Understanding the variables that affect consumer behavior and the decision-making process is not just the work of big corporations (AILAWADI, BEAUCHAMP, DONTHU, GAURI, and SHANKAR, 2009), but also of professionals seeking to find the key areas of marketing studies. Among the variables that affect the consumer's purchase decision is the price, which has a significant influence on communication factors concerning the advantages of purchasing a product or hiring a service. Price can be accompanied by a "discount," which increases the perceived value of the product for the purchaser. The value is based on the consumer's perception of the benefits of the product vis-à-vis the price. Many factors influence the consumer's perception of value, such as the following: the initial price, the consumer's attitude to the product, the expertise of the consumer, and previous experience of the product.

Many studies of consumer perception use the Prospect Theory of Kahnemann and Tversky (1979) as a theoretical basis for their research. These authors suggest that consumers may have different perceptions of the same information depending on how it is presented. This change in the consumer's perception is called the Framing Effect, a concept that emphasizes that even if the key features of the decision-making situation are maintained without any alteration, such as alternatives, probabilities and results, consumers will have different perceptions of the same purchasing situation, a fact that should not occur in rational decision-making (TVERSKY and KAHNEMAN, 1981).

Serpa and Avila (2004) explain that the way price is presented (the Framing Effect) can have a strong impact on personal purchase decision-making. They conducted an experiment in which the only differences in the descriptions were in the discounted price. According to their study, the Framing Effect results from a subconscious decision-making process. They found that the marketers did not have more resistance to the Framing Effect than people in other professions; they did not make more rational decisions despite their knowledge of the pricing strategy. This confirmed that the framing effect also affected professional marketers, and showed that even when people had managerial experience in marketing, they were only partially aware of the Framing effect on price perception.

There has been a good deal of research on the different reactions consumers have when identifying prices in sales promotions, and how they affect their purchase decisions (AILAWADI, and others, 2009; PALAZÓN and DELGADO, 2009; SERPA and AVILA, 2004). For instance, Lichtenstein, Ridgway and Netemeyer (1993) analyzed price presentation formats (in the case of two negative perceptions and five positive perceptions) and determined their influence on the consumer's perceptions of price research, purchases of generic products, ability to memorize prices and response to price and promotion coupons. People react in different ways depending on their price perception.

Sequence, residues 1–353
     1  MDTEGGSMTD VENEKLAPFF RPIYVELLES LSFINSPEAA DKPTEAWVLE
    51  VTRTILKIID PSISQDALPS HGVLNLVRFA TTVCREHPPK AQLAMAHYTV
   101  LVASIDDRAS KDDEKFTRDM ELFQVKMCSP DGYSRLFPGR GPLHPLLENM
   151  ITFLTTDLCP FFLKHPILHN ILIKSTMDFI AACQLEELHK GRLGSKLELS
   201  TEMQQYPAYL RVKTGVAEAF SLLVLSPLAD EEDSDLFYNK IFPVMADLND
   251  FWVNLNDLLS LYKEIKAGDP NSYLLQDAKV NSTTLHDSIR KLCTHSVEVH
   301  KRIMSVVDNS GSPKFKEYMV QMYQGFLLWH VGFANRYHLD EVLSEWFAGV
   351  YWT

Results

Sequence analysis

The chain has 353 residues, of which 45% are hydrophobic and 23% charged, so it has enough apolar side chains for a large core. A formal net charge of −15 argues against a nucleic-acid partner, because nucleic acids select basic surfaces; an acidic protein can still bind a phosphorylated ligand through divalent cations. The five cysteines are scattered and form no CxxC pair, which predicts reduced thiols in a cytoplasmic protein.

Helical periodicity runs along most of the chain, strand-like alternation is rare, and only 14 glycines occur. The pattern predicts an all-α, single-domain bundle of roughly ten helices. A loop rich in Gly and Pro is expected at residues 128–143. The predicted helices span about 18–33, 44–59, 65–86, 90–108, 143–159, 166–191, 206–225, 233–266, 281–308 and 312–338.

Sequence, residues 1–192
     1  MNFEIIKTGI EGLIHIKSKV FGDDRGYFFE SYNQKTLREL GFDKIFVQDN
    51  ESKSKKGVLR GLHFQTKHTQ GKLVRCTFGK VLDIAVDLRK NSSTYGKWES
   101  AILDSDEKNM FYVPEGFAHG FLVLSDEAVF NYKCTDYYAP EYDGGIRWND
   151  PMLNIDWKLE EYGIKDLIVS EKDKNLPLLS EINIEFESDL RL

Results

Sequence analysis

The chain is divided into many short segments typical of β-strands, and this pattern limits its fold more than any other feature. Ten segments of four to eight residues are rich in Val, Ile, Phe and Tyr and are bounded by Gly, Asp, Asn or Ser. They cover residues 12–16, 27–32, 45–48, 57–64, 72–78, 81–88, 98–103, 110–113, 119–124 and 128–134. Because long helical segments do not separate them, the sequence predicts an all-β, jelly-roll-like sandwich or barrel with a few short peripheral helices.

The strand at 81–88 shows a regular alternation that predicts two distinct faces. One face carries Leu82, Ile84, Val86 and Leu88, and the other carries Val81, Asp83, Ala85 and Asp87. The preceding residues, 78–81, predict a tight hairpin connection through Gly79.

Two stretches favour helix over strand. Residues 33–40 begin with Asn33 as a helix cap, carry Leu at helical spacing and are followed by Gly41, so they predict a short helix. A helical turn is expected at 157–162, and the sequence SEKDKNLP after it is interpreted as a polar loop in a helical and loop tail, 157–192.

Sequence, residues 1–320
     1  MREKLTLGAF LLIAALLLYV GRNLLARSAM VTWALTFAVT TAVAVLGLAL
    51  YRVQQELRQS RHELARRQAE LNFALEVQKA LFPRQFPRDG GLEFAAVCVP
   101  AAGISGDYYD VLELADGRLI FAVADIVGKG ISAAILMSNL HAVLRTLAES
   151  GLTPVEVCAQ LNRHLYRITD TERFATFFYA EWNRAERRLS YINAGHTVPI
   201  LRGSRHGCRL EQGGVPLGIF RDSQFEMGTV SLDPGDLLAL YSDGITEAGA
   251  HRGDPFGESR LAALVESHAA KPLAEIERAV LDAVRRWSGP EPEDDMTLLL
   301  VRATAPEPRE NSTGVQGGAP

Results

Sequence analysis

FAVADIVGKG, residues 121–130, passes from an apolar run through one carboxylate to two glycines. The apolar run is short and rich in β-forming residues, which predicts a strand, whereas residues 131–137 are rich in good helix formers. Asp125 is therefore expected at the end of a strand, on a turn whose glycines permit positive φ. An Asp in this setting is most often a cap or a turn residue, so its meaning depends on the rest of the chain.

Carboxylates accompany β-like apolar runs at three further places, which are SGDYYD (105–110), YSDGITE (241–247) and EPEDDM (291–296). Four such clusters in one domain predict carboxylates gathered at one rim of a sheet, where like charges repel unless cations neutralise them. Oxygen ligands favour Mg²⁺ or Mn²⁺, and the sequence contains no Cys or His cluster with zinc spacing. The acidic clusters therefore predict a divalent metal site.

DelVecchio, Krishanan and Smith (2007) described the Framing Effect on consumer's perceptions, and observed when customers paid more attention to promotional pricing. In particular, they compared cents-off promotions with percentage-off promotions. Palazón and Delgado-Ballester (2009) investigated the interaction effect between the promotional benefit level and the type of promotion at three levels of benefit (low, moderate and high) by conducting an experiment. On the basis of the results, they concluded that high benefit level price discounts are more effective than premiums, while low benefit level price discounts are a less effective way to increase purchase intention.

Ailawadi and others (2009) reviewed the marketing elements, especially promotion, advertising and other forms of communication that have been developed by researchers in recent decades. Their goal was to find out what the major issues will be in future research in these areas. One of their suggestions was to investigate new forms of media, in particular the online market. In the same line of inquiry, the study of Degeratu, Rangaswamy and Wu (2000) found that online consumers are more price-sensitive than offline consumers. Kan nan and Kopalle (2011) added that it is easier to offer customized promotions that are targeted at individual consumers online. This distinction between different kinds of consumers suggests that "retailers should use different types of price promotion online" (AILAWADI, and others 2009, p. 51).